It is surprising that there have not been more cases like this where a Managing Director and sole shareholder of a firm who struggles to keep their company afloat by sacrificing their own income in preference to creditors or employees who find themselves suffering at the hands of the Insolvency Service (or secretary of state for that matter) who deny their right to redundancy payments or benefits.
The facts are relatively simple.
The company (incorporated 1991) ceased trading, as insolvent, October 2011. Mrs Knight was the Managing Director and owned 100% of its shares. When the company started business , a contract of employment was drawn up between it and Mrs Knight and referred to Mrs Knight’s employment as Managing Director (continuing as such, subject to termination on two months notice or otherwise in certain circumstances, including gross misconduct).
The document provided for working hours of 9am to 5:30pm from Monday to Friday and for a salary of £20,000 per annum and discretionary bonuses. The document was never formally executed; but Mrs Knight worked for the company from its inception until its end. The Employment Judge found that she had particular responsibility for sales and marketing and wrote all the tenders which the company put forward bids; she worked, from 8am to 7pm and travelled extensively on behalf of the company.
Although the document provided for the salary Mrs Knight’s evidence was that, when the company was operating satisfactorily, she would be paid £1000 per month ”take-home”. The judge found that, apart from paying the other employees, the intention was that any profits would be ploughed back into the business and that Mrs Knight had taken no money from the business other than what she received by way of pay.
Mrs Knight produced P60s which showed that she had been paid by the company as an employee: the amounts varied. The existence of P60s indicated that PAYE was deducted from payments which Mrs Knight received; and there was no suggestion that any tax and national insurance due were not paid as if she was an employee. However, the judge found that, in the last two years of the company’s trading, Mrs Knight, in an effort to keep the company afloat, did not enforce her contractual entitlement to pay and, therefore, received no monies at all.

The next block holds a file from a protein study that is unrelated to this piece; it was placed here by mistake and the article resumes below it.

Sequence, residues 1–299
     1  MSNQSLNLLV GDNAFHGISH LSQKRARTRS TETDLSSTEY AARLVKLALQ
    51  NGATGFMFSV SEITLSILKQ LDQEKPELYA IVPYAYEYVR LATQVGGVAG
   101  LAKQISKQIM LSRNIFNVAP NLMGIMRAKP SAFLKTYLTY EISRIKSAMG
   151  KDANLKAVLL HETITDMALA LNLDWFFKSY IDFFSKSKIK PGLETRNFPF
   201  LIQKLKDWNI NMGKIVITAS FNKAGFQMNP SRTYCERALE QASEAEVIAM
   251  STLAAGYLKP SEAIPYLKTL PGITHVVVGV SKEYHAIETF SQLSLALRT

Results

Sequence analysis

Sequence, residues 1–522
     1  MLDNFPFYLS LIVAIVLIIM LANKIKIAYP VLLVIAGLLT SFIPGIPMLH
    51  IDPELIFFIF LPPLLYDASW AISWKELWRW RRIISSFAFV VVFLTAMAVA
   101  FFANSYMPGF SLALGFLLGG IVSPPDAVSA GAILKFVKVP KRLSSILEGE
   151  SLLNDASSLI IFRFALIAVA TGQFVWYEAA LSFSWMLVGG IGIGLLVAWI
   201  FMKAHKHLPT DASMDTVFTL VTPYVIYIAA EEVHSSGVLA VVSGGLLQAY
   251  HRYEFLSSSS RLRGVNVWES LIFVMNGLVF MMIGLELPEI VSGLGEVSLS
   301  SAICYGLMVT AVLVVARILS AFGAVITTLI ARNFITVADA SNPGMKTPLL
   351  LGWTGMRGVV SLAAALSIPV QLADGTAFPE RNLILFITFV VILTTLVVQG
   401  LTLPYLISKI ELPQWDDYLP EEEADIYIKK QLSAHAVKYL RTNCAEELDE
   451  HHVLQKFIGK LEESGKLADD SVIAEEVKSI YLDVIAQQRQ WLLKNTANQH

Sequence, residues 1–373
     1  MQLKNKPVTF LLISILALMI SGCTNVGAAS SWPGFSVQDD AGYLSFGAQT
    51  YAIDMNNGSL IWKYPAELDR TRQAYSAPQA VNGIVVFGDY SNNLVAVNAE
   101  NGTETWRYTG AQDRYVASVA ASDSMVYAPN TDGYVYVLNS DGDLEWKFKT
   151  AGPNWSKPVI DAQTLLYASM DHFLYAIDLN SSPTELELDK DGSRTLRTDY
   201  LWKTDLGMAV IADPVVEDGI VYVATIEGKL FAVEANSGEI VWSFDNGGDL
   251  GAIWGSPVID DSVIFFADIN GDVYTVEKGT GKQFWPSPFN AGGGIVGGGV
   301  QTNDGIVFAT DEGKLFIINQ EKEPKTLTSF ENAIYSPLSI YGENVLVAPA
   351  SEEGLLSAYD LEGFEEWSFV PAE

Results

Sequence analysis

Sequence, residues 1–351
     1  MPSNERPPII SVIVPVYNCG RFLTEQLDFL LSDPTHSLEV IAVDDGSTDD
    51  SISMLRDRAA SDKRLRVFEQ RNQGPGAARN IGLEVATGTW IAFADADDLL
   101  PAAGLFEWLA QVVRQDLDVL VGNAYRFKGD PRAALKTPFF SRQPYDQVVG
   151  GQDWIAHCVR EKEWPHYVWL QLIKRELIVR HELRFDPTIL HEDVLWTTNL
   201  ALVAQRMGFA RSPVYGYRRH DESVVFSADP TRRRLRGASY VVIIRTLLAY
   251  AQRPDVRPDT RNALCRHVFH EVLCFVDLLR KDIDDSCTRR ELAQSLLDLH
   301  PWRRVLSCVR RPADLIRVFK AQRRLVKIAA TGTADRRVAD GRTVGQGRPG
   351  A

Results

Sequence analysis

In her witness statement, she said that she was unpaid because of the difficulties which meant that there was insufficient money to pay her and that she had forfeited her salary in favour of her colleagues and in order to pay suppliers.
Her efforts did not succeed; the company became insolvent and ceased to trade.
The legal argument arose (amongst other points, not as important) that, by not claiming her income, the mutability condition of the employment contract (as per Readymix) of agreement ceased and therefore the Director was no longer an employee .
Fortunately for all those in a similar situation the EAT Judge disagreed. “Under such a contract an employee could owe a duty to carry out whatever work he or she had agreed to do; and the employer would have to fulfil obligations which might not involve the payment of money, e.g. the provision of tools and equipment or the taking of reasonable care for the employee’s health and safety. “
“Money is not the only consideration which may move from an employer under a contract of employment. “
A victory for commons sense. But also a victory that supports Directors striving hard to rescue companies that are ailing.
On hopes we will be seeing more of HH Jeffrey Burke QC – his judgements are easy to read, informative and he seems to get it!
I thank Alan Lewis, Employment Partner at Freeth Cartwright LLP for bring this case to my attention:
Citation: UKEAT/0073/13/RN (Secretary of State for Business, Innovation and Skills v Knight)